The NPRF: Ireland's political football
There is no doubt Ireland is facing an unprecedented sovereign debt crisis, says Jonathan Williams, but is cannibalising its own safety net the best way to solve the problem?
IRELAND - For several years now, Ireland's National Pension Reserve Fund (NPRF) has been something of all-purpose saviour. First, funds were used to recapitalise the ailing banks, then it was tapped for Ireland's bailout agreement with the EU and the IMF, while simultaneously having to contribute a substantial sum toward installing water meters across the country.
In light of these investments, the NPRF's future has been uncertain, with the latest accounts for 2010 showing that only €4.9bn of €24bn is left in its discretionary portfolio, and even that has already been earmarked for various stimulus measures, including the acquisition of Irish debt.
Not many people would argue against the cash injection that led to the NPRF's holding a 93% stake in Allied Irish Bank or injecting several billion euros into Bank of Ireland. However, with future public pension obligations at well over €100bn, the question is whether the scheme's long-term prosperity is being sacrificed for short-term survival.
Industry figures have said for months now that the scheme's purpose has changed irrevocably, with the financial crisis doing away with the notion that assets should not be drawn down before 2025 to help address the public sector pension deficit.
Indeed, the recent Credit Institutions (Stabilisation) Bill granted the minister for finance - currently Brian Lenihan - additional powers over any of the NPRF's funds, giving him (and future governments) free rein to use the assets for job creation measures or infrastructure products.
The National Treasury Management Agency (NTMA) seems to acknowledge this leaves the scheme with very few options. After revealing the remaining assets are likely to go toward growth-creating projects, it said: "The implications of these developments for the fund's operations and investment strategy are being considered by the NPRF Commission."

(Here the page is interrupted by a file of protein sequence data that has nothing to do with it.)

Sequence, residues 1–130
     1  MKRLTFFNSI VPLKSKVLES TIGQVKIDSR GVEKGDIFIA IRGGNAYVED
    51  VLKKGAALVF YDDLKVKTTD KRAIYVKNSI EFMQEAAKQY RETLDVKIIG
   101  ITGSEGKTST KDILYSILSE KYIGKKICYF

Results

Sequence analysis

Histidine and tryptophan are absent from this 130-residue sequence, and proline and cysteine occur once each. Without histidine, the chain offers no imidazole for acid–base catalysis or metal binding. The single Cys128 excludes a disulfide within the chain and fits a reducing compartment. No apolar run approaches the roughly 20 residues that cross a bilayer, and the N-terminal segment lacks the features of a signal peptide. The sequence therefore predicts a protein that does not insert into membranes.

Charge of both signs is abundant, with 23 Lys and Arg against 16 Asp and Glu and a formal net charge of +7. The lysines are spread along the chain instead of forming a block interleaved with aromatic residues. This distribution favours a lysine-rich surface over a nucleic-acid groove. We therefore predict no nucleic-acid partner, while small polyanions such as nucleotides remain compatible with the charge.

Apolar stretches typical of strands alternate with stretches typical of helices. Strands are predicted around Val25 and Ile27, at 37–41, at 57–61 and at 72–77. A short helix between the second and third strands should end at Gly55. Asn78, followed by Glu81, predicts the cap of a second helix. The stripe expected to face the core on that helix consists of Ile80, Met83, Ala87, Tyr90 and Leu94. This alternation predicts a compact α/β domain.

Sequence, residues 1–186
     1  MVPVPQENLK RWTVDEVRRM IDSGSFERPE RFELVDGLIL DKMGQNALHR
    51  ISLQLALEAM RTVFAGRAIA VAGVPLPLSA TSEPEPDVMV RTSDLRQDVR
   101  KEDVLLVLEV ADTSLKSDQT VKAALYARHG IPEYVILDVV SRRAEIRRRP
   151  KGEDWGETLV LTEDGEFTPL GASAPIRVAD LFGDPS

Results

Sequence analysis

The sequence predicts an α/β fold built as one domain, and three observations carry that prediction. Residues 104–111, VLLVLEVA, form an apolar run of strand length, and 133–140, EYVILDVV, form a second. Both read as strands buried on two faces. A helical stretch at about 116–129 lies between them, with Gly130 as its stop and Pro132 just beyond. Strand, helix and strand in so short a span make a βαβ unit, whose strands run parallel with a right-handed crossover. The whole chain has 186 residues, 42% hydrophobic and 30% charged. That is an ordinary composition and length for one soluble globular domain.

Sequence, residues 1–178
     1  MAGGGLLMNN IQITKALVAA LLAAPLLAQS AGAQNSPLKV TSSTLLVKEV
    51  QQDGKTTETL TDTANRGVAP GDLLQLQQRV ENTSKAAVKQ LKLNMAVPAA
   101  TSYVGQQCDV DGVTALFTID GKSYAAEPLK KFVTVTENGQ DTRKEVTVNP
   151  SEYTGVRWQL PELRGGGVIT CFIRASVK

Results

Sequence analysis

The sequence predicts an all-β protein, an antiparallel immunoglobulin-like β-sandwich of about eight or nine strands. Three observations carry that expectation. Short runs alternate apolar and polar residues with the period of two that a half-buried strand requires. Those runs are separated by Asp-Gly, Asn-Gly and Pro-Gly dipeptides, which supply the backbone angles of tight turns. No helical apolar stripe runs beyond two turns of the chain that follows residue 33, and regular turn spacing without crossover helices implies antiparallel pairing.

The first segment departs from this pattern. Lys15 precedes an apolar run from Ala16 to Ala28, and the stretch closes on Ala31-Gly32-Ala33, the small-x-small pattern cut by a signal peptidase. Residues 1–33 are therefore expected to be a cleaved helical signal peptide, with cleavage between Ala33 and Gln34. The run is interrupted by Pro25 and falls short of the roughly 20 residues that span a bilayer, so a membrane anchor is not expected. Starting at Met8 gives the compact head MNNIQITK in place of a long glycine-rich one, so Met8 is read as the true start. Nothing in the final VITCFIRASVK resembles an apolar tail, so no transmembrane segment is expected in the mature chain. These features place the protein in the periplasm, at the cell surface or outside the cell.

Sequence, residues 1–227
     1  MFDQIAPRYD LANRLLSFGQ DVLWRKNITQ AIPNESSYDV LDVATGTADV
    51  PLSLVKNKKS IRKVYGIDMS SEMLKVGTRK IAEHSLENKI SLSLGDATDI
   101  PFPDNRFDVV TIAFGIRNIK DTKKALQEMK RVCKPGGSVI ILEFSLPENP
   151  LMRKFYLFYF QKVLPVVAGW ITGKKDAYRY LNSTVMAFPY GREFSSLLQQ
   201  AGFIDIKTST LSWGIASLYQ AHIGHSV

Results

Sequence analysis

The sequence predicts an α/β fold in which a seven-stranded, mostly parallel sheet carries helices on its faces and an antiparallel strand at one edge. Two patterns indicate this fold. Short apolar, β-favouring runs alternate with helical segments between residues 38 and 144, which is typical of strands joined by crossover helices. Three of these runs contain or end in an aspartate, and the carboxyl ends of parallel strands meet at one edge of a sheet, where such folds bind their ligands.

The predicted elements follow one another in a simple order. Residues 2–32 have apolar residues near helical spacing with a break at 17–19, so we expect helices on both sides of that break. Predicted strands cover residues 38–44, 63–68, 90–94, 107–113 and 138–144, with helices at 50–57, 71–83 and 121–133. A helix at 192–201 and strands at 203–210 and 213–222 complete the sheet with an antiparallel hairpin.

The question now is what the future will hold for the NPRF. Its assets have been all but drawn down, with what remains likely to be spent in the near future by an incoming government, elected on a mandate to tackle the country's deficit and unemployment following the demise of Taoiseach Brian Cowen's coalition government. The pressure for a quick solution will be immense, and those politicians who set out to improve the country's fortunes in, say, 15 years are not apt to win much airtime.
But Ireland's reserve fund could recover if given the chance. Its discretionary portfolio saw growth of more than 11% last year, and while the NTMA is unlikely to adopt an investment strategy that would see the remaining €5bn grow to more than €25bn over the next 15 years, a steady hand could help an already indebted country from avoiding further debt in future, at a time when its pension obligations threaten to overwhelm it.
Instead, it appears that a scheme originally designed to be out of bounds has instead become a very big political football - and it is about to land an own goal for the Irish people.